Little Falls (Potomac River)

From Thomas Jefferson Encyclopedia

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Thomas Jefferson visited the Little Falls, which lay in the Potomac River about four miles upstream from Georgetown, twice in a 12-year period. He first visited the Little Falls in September of 1790; another visit is documented in late July of 1802. The falls were an object of natural history of the kind that always attracted him. During his second visit in 1802, he wanted to inspect the canal then under construction that would bypass the Little Falls, whose descent was about thirty-six feet in two miles. This canal was one of the main projects of the Potomac Company's effort to open the river to navigation from Georgetown to Cumberland, Maryland, a distance of 185 miles.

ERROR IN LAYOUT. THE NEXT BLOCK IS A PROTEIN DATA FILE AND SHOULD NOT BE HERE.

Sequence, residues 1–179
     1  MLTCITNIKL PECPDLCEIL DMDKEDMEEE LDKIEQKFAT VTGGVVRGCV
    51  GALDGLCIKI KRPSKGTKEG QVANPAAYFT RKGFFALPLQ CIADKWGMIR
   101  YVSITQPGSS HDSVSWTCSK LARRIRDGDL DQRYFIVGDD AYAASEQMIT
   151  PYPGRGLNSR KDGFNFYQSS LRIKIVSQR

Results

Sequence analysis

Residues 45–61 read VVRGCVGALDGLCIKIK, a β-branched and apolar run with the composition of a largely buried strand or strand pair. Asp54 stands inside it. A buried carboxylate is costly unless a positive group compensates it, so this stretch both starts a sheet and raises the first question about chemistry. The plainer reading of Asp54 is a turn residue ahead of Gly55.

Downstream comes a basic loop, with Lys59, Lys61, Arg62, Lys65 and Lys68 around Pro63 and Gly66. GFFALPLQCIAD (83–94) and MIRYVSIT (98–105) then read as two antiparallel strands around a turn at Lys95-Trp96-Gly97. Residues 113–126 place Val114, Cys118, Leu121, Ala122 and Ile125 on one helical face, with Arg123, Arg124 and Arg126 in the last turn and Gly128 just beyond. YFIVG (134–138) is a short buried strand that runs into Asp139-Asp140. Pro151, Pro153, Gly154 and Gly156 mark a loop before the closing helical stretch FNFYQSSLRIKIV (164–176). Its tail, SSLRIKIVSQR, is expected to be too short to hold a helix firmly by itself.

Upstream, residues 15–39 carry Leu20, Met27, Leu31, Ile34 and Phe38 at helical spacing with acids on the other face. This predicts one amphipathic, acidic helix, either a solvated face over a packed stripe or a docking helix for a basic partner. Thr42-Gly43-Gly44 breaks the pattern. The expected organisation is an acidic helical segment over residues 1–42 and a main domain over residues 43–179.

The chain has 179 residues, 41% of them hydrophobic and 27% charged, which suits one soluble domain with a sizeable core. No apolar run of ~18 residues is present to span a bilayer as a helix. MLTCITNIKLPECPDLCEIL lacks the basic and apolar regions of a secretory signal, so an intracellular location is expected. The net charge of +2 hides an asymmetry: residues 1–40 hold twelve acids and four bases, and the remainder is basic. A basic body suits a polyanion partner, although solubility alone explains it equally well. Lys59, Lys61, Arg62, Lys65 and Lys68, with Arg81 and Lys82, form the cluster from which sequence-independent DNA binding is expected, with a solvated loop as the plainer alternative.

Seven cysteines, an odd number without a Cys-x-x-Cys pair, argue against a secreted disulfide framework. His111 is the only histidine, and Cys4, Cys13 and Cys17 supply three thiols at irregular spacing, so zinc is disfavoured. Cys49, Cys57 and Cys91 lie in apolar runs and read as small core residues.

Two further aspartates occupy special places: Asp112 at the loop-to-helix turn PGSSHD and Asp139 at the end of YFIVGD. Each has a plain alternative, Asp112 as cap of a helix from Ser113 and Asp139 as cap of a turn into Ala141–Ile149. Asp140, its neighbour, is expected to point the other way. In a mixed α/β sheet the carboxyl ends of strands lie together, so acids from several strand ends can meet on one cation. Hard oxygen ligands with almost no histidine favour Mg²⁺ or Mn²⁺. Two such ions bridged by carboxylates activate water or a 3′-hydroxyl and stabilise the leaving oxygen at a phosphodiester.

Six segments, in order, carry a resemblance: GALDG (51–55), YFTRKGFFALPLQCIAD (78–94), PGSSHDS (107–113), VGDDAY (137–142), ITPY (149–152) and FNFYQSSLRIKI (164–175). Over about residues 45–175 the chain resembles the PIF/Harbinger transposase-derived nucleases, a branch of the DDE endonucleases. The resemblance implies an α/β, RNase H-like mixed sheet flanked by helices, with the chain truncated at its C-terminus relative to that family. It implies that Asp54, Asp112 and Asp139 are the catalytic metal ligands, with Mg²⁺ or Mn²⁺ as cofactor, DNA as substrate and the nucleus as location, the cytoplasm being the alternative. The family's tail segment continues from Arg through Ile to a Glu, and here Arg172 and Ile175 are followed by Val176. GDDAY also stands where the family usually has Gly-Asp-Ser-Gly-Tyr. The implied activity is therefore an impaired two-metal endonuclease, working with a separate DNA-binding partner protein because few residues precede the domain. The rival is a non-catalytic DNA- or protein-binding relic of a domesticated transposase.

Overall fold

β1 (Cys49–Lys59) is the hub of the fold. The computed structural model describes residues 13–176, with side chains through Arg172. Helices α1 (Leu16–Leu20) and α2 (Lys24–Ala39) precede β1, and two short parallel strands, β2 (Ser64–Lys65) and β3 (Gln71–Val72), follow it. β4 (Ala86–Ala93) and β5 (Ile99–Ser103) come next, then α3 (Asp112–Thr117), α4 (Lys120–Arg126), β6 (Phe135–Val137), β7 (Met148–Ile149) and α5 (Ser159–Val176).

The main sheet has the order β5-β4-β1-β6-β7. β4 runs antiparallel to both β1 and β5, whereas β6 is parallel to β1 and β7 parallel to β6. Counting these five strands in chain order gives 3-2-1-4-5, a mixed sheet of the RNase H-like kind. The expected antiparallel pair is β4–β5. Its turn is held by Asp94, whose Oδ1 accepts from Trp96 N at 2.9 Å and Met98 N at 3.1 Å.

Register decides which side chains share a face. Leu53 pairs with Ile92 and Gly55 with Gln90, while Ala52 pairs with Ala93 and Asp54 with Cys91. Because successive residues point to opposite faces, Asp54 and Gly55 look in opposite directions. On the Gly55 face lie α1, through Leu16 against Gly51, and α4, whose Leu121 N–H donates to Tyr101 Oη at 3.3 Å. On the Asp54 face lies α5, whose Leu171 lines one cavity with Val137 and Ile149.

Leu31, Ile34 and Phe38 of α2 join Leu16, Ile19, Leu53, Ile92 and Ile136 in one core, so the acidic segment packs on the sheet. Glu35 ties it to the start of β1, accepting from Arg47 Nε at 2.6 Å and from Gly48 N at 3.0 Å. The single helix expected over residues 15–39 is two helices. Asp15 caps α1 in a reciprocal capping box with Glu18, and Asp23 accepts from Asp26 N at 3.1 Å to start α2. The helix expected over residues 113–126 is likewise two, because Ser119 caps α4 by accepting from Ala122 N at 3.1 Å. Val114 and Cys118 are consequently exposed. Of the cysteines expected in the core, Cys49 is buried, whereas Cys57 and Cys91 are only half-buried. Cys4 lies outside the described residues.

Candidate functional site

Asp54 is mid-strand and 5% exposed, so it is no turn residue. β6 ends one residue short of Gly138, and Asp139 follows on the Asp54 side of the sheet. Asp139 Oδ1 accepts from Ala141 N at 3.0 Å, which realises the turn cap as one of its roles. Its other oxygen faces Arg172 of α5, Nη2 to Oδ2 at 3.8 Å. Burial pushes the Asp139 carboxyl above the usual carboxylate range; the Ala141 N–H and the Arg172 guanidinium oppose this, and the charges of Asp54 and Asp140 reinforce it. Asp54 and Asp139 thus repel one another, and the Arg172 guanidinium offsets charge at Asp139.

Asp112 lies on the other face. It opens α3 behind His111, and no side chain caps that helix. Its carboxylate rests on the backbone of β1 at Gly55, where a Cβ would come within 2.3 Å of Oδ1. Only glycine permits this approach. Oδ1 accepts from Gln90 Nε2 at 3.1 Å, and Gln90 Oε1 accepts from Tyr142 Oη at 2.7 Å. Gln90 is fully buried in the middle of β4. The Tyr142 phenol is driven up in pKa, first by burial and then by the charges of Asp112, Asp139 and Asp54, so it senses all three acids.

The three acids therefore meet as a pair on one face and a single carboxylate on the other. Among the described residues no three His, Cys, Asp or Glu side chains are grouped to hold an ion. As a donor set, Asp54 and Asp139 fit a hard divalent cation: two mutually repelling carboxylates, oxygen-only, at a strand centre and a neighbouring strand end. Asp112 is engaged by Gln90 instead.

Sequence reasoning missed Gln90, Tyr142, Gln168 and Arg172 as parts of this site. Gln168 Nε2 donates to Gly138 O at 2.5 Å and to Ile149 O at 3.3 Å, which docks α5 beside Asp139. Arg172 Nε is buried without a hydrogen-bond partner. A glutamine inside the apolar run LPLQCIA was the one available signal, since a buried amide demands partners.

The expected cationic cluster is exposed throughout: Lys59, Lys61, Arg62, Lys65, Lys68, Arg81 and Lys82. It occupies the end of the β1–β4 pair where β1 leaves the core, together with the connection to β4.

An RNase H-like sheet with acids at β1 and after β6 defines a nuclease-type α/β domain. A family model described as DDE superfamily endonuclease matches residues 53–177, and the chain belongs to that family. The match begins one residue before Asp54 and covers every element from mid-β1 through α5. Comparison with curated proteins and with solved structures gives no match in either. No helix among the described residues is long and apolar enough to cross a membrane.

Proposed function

Sources

  • Bacon-Foster, Cora. Early Chapters in the Development of the Potomac Route to the West. (Washington: Columbia Historical Society, 1912), illus. of Little Falls, opp. p. 86 and of Great Falls opp. p. 104.
  • Lear, Tobias. Observations on the River Potomack and the City of Washington. (New York: Samuel Loudon and Son, 1793), 8.